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adventures into the land of the command line

d3 for data visualisation

for about 2 years, on and off, i’ve tried to get my head around d3.js. it’s a really funky javascript data visualisation library written by mike bostock. it creates styled and interactive svg elements from datasets you provide. i really like what you can do with it, but at the same time, the learning curve, for me at least, has been significant. you can do some very complicated designs with d3, it even has its own physics engine. but im a n00bie, so i’ve only worked with the basics. to include it in your html, add this

<script src="//" charset="utf-8"></script>

general learnings

different style charts require different code. you can’t just copy paste stuff, change a few things and expect it to work


d3 draws everything starting from the top left hand corner of the page. so 0,0 means 0 pixels from the top and 0 pixels from the left. by contrast, the cartesian coordinate system starts from the bottom left. d3 will not automatically translate this for you, you need to do it yourself by inverting the height


d3 utilises svg for most things. svg has no layers or other concept of depth. the order in which elements are drawn on the canvas determines their stacking order. the last painted object will appear in front of all others

defining vs adding

the code can look quite long winded, but the two main things that are happening is defining or declaring variables, and then actually adding them to the html so that they are visible to a human being. if you define but not add, nothing will appear, and if you add without defining, d3 wont know what you want it to do.

selecting and appending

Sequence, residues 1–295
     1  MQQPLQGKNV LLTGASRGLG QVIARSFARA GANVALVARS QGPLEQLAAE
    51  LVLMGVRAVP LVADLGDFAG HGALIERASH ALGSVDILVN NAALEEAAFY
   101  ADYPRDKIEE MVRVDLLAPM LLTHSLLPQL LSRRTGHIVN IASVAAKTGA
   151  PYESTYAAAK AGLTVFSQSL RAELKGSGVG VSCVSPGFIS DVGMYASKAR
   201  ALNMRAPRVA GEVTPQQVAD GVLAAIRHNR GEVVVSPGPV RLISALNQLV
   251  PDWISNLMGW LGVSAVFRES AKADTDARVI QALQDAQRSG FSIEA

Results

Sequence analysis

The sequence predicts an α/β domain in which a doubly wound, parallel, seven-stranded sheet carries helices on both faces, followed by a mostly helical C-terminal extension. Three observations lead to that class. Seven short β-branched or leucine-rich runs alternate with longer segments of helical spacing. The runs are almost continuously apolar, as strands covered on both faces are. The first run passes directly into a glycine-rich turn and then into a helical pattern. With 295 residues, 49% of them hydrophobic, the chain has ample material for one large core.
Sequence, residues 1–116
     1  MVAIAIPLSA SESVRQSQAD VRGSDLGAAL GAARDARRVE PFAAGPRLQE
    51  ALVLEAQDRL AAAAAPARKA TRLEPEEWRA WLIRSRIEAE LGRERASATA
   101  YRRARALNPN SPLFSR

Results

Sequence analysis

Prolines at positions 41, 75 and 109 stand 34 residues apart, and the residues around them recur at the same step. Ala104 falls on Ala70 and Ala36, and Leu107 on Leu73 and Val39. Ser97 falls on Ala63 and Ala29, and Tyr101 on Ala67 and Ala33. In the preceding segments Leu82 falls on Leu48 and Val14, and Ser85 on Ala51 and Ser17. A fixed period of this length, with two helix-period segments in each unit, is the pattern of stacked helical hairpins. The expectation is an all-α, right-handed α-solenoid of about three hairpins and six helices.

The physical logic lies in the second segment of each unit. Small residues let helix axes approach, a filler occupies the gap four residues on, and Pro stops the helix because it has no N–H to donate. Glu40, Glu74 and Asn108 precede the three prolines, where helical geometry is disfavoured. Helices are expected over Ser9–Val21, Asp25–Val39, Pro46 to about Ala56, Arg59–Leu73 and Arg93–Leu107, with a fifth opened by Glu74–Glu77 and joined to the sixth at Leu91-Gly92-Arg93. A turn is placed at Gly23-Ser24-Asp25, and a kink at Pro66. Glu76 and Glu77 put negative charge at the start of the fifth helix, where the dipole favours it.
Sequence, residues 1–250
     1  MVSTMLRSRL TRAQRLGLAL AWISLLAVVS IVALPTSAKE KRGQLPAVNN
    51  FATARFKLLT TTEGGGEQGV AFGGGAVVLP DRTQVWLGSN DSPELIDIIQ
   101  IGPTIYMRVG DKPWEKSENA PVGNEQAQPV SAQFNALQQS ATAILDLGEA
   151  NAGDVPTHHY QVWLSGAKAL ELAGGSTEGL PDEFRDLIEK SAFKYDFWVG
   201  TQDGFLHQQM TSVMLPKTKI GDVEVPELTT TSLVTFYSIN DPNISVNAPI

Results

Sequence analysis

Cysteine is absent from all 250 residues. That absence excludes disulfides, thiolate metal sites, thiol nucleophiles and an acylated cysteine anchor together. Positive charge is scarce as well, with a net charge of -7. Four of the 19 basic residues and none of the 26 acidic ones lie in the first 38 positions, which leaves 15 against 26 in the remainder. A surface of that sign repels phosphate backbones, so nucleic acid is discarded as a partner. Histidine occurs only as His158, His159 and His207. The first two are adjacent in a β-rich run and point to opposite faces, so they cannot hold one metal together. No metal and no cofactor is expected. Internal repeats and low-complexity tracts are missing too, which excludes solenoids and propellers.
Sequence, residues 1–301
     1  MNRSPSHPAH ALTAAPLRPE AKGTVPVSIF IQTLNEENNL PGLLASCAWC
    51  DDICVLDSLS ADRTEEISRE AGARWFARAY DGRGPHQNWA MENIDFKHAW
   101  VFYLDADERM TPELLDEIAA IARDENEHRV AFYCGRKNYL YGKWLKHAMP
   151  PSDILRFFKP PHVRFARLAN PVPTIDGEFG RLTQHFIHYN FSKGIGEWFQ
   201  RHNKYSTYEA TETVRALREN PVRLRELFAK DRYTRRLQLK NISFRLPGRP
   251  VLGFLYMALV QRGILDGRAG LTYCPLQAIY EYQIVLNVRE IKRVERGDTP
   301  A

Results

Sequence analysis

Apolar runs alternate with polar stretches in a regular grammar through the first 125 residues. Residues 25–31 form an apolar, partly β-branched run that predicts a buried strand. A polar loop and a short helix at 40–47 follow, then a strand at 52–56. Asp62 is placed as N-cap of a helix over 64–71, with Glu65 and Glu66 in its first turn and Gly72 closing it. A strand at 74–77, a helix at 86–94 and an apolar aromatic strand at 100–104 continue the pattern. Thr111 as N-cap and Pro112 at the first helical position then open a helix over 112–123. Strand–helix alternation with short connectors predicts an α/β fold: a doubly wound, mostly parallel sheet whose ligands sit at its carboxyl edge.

to get d3 to draw on your funky website, you need to provide it with a reference of where to draw. the way that works for me is to create a html div with a class like ’.graph’ or whatever you want. then in d3, you use the"body").select(".graph").append("svg:svg")

to select it and add the stuff you want to it. sometimes if you haven’t done this select and append properly, even though the rest of your code is accurate, you wont see any chart!! the chart is just being drawn somewhere else off the screen or behind some other element. check this is being done properly if you encounter no errors in your javascript, but can’t see any charts

data structure

decide on the form of your data structure. this is crucially important, as it will determine how d3 accesses your data. in a lot of the examples on the d3 website, data is included as a .csv file or something similar that i have never used as a method to access data on a webapp. for me data will always come in a variable containing the data as read from a database. getting past this hurdle of understanding how to construct your data so that d3 accesses the data you want is the biggest step in getting it to work as expected. so many of my facepalm moments were caused by d3 not reading the data properly because of how i structured it, or how d3 thinks i’ve structured it

line chart example

in this example, the dataset is in the form of a python dictionary (hashmap in other tongue). it is also crucially important, that if you are working with dates, that you should provide them in the form of an epoch timestamp, rather than a date string or datetime type, because javascript makes it much much harder to work with these types than it is in python